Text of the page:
Burkholderia multivorans requires species-specific GltJK for entry of a contact-dependent growth inhibition system protein

Tanya Myers-Morales, Martha M.S. Sim, Tanner J. DuCote, Erin C. Garcia

Research output: Contribution to journalArticlepeer-review

2 Scopus citations

Abstract

Interbacterial antagonism and communication are driving forces behind microbial community development. In many Gram-negative bacteria, contact-dependent growth inhibition (CDI) systems contribute to these microbial interactions. CDI systems deliver the toxic C-terminus of a large surface exposed protein to the cytoplasm of neighboring bacteria upon cell−contact. Termed the BcpA-CT, import of this toxic effector domain is mediated by specific, yet largely unknown receptors on the recipient cell outer and inner membranes. In this study, we demonstrated that cytoplasmic membrane proteins GltJK, components of a predicted ABC-type transporter, are required for entry of CDI system protein BcpA-2 into Burkholderia multivorans recipient cells. Consistent with current CDI models, gltJK were also required for recipient cell susceptibility to a distinct BcpA-CT that shared sequences within the predicted “translocation domain” of BcpA-2. Strikingly, this translocation domain showed low sequence identity to the analogous region of an Escherichia coli GltJK-utilizing CDI system protein. Our results demonstrated that recipient bacteria expressing E. coli gltJK were resistant to BcpA-2-mediated interbacterial antagonism, suggesting that BcpA-2 specifically recognizes Burkholderia GltJK. Using a series of chimeric proteins, the specificity determinant was mapped to Burkholderia-specific sequences at the GltK C-terminus, providing insight into BcpA transport across the recipient cell cytoplasmic membrane.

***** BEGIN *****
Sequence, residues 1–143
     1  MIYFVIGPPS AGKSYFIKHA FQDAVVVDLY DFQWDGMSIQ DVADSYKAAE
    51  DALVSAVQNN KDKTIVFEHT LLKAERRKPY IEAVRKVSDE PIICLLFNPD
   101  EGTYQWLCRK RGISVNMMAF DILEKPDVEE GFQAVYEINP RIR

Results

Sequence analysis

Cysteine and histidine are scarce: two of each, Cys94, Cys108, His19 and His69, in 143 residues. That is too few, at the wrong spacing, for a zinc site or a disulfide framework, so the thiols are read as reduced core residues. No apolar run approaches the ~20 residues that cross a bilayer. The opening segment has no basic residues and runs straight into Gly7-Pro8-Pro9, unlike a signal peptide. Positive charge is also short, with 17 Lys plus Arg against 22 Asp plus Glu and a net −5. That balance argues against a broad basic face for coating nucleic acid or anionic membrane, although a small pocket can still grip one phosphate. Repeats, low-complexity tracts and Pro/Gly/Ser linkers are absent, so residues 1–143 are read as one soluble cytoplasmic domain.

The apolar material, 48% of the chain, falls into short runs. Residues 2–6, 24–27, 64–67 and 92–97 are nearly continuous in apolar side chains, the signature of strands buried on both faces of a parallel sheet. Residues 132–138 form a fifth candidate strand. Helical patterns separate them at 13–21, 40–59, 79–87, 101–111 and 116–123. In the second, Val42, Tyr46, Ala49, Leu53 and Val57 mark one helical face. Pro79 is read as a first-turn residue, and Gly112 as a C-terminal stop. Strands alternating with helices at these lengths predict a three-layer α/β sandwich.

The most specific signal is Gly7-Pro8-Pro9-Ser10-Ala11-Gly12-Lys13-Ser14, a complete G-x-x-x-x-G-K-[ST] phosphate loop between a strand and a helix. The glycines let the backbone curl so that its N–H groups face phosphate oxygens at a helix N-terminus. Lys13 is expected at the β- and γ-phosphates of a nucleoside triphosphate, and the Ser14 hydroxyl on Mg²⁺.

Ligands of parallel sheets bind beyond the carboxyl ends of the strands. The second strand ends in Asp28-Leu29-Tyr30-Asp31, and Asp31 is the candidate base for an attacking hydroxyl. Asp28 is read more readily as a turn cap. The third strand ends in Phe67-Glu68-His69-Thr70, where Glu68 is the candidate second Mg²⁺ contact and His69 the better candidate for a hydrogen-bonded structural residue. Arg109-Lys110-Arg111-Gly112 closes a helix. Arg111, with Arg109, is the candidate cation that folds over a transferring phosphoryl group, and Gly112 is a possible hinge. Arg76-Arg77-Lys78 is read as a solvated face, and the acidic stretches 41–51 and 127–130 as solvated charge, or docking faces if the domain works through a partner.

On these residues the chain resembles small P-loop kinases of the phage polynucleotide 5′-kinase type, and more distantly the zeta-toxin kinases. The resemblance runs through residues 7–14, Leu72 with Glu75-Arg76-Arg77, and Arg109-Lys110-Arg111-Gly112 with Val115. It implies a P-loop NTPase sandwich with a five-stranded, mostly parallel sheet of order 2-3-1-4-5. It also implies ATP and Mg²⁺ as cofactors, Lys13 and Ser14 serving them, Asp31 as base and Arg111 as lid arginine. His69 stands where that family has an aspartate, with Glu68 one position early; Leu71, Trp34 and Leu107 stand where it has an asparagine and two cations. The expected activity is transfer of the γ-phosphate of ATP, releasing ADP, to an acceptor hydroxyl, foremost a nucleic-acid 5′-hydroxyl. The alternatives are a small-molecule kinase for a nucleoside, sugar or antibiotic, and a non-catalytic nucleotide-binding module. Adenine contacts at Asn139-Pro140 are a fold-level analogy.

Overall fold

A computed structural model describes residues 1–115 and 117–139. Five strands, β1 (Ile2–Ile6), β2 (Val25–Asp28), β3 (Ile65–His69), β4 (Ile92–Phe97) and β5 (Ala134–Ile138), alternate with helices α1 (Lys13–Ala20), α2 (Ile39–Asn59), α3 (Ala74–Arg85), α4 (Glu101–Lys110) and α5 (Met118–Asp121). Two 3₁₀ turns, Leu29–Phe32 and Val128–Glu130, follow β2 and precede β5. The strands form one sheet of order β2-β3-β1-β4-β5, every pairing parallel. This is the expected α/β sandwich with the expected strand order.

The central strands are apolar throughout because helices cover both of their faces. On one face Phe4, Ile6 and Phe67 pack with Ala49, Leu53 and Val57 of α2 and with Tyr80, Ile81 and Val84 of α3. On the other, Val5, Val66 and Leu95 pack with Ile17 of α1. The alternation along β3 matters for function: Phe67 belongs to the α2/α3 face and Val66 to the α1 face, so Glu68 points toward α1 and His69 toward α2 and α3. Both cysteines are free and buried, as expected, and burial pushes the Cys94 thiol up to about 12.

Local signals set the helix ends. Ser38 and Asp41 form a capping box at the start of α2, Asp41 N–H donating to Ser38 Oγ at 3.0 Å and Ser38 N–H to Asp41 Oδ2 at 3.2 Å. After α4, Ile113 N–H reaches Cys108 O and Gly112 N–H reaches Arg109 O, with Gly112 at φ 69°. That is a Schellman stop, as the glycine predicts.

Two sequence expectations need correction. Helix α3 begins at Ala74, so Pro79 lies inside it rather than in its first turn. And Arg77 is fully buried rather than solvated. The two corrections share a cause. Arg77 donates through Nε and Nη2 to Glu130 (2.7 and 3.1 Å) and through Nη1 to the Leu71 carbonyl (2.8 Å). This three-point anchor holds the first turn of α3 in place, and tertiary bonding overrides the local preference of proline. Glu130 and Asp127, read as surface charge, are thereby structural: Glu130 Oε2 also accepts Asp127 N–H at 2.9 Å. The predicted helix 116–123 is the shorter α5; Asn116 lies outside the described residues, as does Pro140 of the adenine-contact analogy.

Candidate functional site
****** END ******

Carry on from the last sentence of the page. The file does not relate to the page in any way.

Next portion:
Original languageEnglish
Pages (from-to)957-973
Number of pages17
JournalMolecular Microbiology
Volume116
Issue number3
DOIs
StatePublished - Sep 2021

Bibliographical note

Funding Information:
This work was supported by grants from the National Institutes of Health (K22AI118949 and R01AI150767 to E.C.G) and start‐up funding from the University of Kentucky. We thank Zaria Elery (University of Kentucky) for technical assistance.

Publisher Copyright:
© 2021 The Authors. Molecular Microbiology published by John Wiley & Sons Ltd.

Keywords

  • CDI
  • bacterial antagonism
  • bacterial competition

ASJC Scopus subject areas

  • Microbiology
  • Molecular Biology

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